To find out what devious machinations our ugly contest host is up to, you'll have to do battle against 6 to 8 other murderous drivers across 9 astonishingly detailed environments. This entails picking up power-ups for your vehicle and using them to utterly demolish all other drivers in the said environment. If you're familiar with the Twisted Metal series, then you'll notice nothing has really changed in terms of gameplay.
But a lot has changed in terms of level design, as TMB features some brilliant, wicked environments. Many of the maps are enormous with a near limitless degree of interactivity. Almost everything can be smashed or blown to smithereens. Destroy the support beams holding up the Ferris Wheel on the Suburbs level, and you've turned the once amusing and kid-friendly attraction into a runaway death circle, as the thing freely tumbles down the hillside to crush houses, gas stations and enemy vehicles alike.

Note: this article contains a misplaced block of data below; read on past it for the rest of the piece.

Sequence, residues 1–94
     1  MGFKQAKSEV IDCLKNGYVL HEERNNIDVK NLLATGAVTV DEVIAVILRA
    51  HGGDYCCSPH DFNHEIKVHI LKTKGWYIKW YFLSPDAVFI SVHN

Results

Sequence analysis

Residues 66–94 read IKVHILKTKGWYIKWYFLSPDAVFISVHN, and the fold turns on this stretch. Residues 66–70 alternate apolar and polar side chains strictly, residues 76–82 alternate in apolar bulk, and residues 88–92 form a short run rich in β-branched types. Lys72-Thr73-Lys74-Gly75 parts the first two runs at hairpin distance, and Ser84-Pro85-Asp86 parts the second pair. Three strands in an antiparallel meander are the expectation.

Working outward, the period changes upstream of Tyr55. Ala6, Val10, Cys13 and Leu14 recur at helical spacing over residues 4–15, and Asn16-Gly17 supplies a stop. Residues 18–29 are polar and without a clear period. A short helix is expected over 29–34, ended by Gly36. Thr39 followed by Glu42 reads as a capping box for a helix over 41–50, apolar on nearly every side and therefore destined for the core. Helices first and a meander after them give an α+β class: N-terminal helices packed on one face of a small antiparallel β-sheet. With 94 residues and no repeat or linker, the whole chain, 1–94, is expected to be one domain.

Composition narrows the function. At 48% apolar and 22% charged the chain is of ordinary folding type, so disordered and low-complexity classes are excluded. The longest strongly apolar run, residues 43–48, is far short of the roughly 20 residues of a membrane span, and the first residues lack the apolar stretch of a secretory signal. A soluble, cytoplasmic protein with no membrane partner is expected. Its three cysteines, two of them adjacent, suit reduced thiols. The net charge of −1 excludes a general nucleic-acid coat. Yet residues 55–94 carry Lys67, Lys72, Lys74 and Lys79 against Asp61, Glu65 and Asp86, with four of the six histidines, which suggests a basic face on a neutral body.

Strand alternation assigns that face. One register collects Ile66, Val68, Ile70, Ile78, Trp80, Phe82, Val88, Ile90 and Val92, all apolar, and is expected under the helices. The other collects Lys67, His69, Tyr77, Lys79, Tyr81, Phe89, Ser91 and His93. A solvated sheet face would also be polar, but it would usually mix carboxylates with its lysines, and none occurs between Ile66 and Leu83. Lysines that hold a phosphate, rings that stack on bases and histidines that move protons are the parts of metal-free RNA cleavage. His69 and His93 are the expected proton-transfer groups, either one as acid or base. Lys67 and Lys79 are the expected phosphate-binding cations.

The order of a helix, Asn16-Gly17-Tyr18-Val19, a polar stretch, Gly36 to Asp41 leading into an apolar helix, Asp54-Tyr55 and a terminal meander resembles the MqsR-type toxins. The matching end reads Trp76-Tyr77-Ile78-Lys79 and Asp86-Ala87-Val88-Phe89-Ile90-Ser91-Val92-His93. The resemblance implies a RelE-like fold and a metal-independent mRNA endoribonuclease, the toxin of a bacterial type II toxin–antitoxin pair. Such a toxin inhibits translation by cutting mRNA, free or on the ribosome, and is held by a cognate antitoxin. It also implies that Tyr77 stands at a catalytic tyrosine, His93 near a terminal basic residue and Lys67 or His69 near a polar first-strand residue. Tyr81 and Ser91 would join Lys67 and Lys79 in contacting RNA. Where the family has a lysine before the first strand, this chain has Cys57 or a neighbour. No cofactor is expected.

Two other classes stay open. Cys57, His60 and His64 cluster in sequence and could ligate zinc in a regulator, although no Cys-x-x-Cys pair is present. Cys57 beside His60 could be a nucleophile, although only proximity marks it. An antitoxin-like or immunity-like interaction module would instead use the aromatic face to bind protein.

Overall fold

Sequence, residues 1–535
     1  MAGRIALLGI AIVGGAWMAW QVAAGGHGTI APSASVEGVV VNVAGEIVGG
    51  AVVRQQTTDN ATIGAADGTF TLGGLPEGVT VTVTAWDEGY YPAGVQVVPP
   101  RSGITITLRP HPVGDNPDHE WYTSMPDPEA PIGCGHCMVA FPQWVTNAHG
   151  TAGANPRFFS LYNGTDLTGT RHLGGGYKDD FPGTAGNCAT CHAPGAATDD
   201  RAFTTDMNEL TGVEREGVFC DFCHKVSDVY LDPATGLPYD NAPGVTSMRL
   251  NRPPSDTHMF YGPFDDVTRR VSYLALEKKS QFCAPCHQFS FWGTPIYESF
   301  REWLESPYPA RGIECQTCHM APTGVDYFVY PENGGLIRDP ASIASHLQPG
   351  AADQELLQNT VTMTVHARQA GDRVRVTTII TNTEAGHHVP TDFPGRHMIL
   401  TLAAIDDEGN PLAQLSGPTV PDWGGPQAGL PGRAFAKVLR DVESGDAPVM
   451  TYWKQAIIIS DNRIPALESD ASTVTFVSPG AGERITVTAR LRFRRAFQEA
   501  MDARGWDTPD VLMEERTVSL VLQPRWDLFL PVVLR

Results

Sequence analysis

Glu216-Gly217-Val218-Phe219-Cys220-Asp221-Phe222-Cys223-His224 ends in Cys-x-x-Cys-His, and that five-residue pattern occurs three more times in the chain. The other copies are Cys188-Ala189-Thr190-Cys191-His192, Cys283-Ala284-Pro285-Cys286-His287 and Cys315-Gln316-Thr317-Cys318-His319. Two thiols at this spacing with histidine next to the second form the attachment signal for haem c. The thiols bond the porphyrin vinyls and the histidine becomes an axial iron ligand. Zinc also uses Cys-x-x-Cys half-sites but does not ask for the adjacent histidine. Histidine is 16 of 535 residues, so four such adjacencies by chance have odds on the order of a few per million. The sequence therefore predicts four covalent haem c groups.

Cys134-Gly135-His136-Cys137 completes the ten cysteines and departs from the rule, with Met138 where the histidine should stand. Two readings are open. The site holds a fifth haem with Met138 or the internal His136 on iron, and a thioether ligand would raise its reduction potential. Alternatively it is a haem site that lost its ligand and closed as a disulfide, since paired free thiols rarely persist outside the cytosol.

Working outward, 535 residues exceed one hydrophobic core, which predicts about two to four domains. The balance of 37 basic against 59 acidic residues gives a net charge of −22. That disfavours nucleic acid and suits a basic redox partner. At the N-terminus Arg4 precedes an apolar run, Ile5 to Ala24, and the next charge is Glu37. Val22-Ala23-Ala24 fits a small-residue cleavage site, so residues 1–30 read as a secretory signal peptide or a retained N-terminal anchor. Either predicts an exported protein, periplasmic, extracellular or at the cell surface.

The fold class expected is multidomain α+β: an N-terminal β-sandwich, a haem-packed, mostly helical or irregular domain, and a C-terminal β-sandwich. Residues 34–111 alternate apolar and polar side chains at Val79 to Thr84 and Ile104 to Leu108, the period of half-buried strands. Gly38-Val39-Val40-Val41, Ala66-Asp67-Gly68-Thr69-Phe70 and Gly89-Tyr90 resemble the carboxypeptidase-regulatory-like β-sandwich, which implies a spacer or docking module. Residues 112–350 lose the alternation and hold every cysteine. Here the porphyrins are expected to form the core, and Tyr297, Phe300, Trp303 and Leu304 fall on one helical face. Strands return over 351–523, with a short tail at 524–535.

Perhaps coolest is the Prison level, which begins with you fighting baddies on a huge barge making its way to shore. Once the boat docks, you're able to disembark and roam about a giant prison facility. The number of interactive objects here is amazing. You can even be the one to activate the switch that electrocutes three inmates seated in electric chairs awaiting that last cigarette. How pleasantly sadistic is that?
Most of the large levels are more geared towards actually driving than the smaller arena-style levels in the previous TM games. A few levels still retain the arena feel and seem a little out of place. But for the most part expect to see city streets or dirt roads with traffic and pedestrians just waiting to be added to your collection of rundown, blown-up and perforated victims. This game is brutal!